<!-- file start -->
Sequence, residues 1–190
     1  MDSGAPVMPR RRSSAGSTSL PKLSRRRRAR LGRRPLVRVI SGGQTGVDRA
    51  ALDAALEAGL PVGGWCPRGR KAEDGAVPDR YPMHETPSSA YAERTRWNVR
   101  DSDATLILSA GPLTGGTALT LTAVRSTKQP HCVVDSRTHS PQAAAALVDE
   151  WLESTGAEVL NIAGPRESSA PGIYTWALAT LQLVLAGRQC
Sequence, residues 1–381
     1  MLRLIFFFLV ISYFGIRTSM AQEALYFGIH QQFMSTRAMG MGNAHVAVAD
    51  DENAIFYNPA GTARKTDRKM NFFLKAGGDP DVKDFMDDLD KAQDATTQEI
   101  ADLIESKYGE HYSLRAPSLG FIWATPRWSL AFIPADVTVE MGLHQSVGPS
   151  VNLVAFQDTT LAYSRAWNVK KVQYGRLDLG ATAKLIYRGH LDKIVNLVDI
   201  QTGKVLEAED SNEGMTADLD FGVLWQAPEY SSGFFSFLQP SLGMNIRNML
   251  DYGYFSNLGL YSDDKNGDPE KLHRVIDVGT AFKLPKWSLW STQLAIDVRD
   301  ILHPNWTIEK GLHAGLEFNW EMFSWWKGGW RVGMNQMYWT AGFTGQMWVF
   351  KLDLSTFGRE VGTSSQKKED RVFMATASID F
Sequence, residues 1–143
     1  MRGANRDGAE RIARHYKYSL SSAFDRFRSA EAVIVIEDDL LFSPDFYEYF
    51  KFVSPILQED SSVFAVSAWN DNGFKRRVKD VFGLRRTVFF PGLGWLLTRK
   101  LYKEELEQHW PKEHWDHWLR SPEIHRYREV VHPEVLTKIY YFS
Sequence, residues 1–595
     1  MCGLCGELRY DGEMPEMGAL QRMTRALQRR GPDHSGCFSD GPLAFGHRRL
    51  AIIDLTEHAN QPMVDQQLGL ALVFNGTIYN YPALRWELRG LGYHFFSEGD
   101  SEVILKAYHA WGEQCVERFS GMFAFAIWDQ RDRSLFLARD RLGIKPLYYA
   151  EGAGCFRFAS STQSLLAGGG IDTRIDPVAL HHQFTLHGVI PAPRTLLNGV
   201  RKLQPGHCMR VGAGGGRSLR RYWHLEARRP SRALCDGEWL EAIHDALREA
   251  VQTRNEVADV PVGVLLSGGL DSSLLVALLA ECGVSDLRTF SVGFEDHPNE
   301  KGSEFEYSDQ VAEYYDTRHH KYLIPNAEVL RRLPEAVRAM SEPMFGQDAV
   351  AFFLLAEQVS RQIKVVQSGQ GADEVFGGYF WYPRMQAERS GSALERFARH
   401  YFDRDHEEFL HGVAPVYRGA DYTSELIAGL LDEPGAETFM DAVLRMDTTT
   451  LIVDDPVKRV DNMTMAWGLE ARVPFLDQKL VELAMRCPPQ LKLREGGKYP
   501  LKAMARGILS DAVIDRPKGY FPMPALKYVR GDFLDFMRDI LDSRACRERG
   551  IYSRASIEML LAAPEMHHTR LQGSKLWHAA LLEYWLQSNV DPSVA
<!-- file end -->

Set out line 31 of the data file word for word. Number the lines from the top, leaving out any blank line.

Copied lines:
   551  IYSRASIEML LAAPEMHHTR LQGSKLWHAA LLEYWLQSNV DPSVA